Citing progress in Guinea, UN Ebola response chief says disease 'still very much a crisis'

Anthony Banbury, Head of the UN Mission for Ebola Emergency Response (UNMEER), arrives for a visit to Guinea, one of the countries most affected by the Ebola outbreak in West Africa. 31 October 2014 UNMEER Photo/Ari Gaitanis

1 November 2014 – Visiting Guéckédou, Guinea, where the unprecedented outbreak of Ebola in West Africa is believed to have started, the United Nations envoy coordinating the massive global crisis response said that while there are now “basically zero” cases in the town, the challenge will be to replicate the strategy to defeat the disease throughout the country and the wider region.

In the middle of his third trip to Guinea this month, Anthony Banbury, head of the UN Mission for Ebola Emergency Response (UNMEER), told reporters that he had visited Guéckédou, in an area in the southern part of the country, close to the Sierra Leone and Liberia borders, at the heart of where the crisis originally began.

“The first case of Ebola, in December 2013, was just down the road from here, so I was very interested and coming and seeing the situation on the ground for myself,” he said, noting that “happily, the number of cases in Guéckédou has gone down a lot.”

Indeed, he said, the transmissions are declining and the number of cases in the town is almost basically zero. While there are still cases outside the town, “there's been good progress made over these past months.”

Asked if the strategy to halt the spread of the virus in the area was sound, the UNMEER chief said he did not believe there were any major gaps in Guéckédou. “All the elements of the proper response plan are in place,” he continued, explaining that in the area there is an Ebola treatment unit; there are safe burials; there is contact identification and tracing; as well s community mobilization – “and we see the results of it”.

This was reminiscent of what UNMEER had seen in Foya in neighbouring Liberia, where all those elements were in place, and what had been an area with very high infection rates – and significantly accelerated infection rates – now was seeing significantly decreasing infection rates.

“So we know the strategy we have works – the challenge now to is to spread it everywhere…the disease is,” said Mr. Banbury, noting that there are other places close to Guéckédou where the situation was quite different and the virus was still spreading.

“We're going to go look at Macenta today…where there are significantly accelerating cases and we need to [put] more of an effort there into getting all the elements of the response together,” he said.

As for his meeting earlier in the day with Guéckédou's prefect, mayor, other local officials, partners and representatives of non-governmental organizations (NGOs), Mr. Banbury said that while the prefect was very pleased with the progress that had been achieved in reducing the number of cases, he emphasized that the Ebola outbreak is impacting every segment of society, every facet of life.

“People weren't going to the market anymore, people were afraid to come from outside of Guéckédou to sell at the market because they thought that Guéckédou was a centre of Ebola. So clearly the disease has had a dramatic impact on society here,” said Mr. Banbury, adding however, that “the good news is the numbers are really coming down in Guéckédou.”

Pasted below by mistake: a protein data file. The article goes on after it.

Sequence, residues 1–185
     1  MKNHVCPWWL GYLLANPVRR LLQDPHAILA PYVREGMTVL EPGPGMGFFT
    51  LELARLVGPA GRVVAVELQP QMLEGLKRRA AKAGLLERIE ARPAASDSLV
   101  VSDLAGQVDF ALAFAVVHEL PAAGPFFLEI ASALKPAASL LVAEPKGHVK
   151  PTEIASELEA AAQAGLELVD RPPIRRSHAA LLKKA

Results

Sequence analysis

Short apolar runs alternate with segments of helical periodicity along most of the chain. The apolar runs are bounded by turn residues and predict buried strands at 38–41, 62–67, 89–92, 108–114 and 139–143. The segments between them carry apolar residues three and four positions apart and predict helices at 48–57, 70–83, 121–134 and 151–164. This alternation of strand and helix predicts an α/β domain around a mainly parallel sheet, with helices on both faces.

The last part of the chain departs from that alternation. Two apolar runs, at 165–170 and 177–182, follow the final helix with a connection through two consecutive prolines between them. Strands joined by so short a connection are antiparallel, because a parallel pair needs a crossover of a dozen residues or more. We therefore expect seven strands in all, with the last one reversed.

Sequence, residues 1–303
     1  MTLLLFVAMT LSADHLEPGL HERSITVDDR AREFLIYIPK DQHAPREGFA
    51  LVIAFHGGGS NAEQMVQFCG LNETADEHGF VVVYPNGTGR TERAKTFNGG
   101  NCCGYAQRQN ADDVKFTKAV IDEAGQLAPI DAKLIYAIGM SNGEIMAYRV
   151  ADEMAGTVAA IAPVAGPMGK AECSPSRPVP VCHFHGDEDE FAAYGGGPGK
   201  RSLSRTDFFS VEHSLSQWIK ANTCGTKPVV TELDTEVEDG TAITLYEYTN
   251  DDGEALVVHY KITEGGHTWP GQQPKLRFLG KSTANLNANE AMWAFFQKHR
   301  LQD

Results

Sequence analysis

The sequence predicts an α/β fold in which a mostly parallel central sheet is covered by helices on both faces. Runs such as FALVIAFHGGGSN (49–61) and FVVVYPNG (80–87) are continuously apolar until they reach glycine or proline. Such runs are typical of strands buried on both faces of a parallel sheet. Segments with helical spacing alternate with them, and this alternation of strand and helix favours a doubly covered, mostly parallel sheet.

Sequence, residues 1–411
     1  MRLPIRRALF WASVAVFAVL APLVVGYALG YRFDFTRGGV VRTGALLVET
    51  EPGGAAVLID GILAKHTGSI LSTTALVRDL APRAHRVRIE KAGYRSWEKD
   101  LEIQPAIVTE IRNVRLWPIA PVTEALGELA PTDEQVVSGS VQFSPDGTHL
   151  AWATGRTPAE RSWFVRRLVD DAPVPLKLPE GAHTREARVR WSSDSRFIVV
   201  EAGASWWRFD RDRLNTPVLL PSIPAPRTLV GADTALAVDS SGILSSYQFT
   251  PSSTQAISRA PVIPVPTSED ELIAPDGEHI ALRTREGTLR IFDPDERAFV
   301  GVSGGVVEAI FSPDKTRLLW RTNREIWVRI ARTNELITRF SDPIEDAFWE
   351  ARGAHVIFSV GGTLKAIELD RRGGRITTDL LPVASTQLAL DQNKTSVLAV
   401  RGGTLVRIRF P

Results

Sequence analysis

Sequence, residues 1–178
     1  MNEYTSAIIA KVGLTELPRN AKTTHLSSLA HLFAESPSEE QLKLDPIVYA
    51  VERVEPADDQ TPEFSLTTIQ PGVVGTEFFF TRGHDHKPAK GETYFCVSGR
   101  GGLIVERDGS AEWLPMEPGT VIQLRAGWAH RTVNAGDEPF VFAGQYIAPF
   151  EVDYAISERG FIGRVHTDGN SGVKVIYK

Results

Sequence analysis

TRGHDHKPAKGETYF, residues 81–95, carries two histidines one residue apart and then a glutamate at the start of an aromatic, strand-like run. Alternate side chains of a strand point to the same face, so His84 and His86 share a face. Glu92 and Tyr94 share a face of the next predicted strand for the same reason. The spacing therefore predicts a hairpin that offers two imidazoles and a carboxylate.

Yet, there is more work to be done, he continued, noting that unfortunately, in neighbouring districts – Macenta, N'Zérékoré, Kaoune – “there are very significant numbers, increases in cases.”

Commenting on his stop yesterday in the Guinean capital, Conakry, where he met President Alpha Condé, Mr. Banbury said he had been pleased to learn of the adoption by the President and the Government of a national plan to defeat Ebola – that was very much based on the plan that came out of the planning conference held two weeks ago in Accra, Ghana, where UNMEER is headquartered, with the key UN officials and leaders of the most-affected countries, Guinea, Liberia and Sierra Leone.

Now, he continued, the Guinea's national coordination structure is co-chaired by Dr. Sakoba Keita, National Coordinator for the Fight against Ebola and Dr. Marcel Rudasingwa, the Ebola Crisis Manager for UNMEER, “so things are really looking in good shape here. The disease is till very much a crisis, but the elements to defeat are being put in place – I'm very pleased to see it.”

Mr. Banbury went on to say that his first stop after Conakry this morning was in Kissidougou, where the UN World Food Programme (WFP) is in the process of building a Forward Logistics Base (FLB).

Praising WFP for working so fast to put in place “this critical logistics capability”, he said the Base would have storage facilities, as well as a helicopter landing pad, “including jet A-1 for the planes and helicopters to give good reach for the helicopters to move around and deliver supplies, as well as a number of 4X4 trucks”.

Asked about his takeaway from field missions, Mr. Banbury said “you learn so much more than you can in a meeting room in the capital.” Indeed, while official meetings provided vital opportunities to hear the concerns of Heads of State and partners had to say, “you learn much more here on the ground, whether it's talking to a local official, an NGO worker, a UN worker, some kid on the street – this is where you can really get the sense of what's happening.”

According to UN World Health Organization (WHO) statistics on the Ebola outbreak, 13,567 cases and 4,951 deaths have been reported in the six affected countries of Guinea, Liberia, Mali, Sierra Leone, Spain, and the United States, along with two previously affected countries, Nigeria and Senegal. The cases reported are fewer than those last reported due mainly to suspected cases in Guinea being discarded, WHO said.


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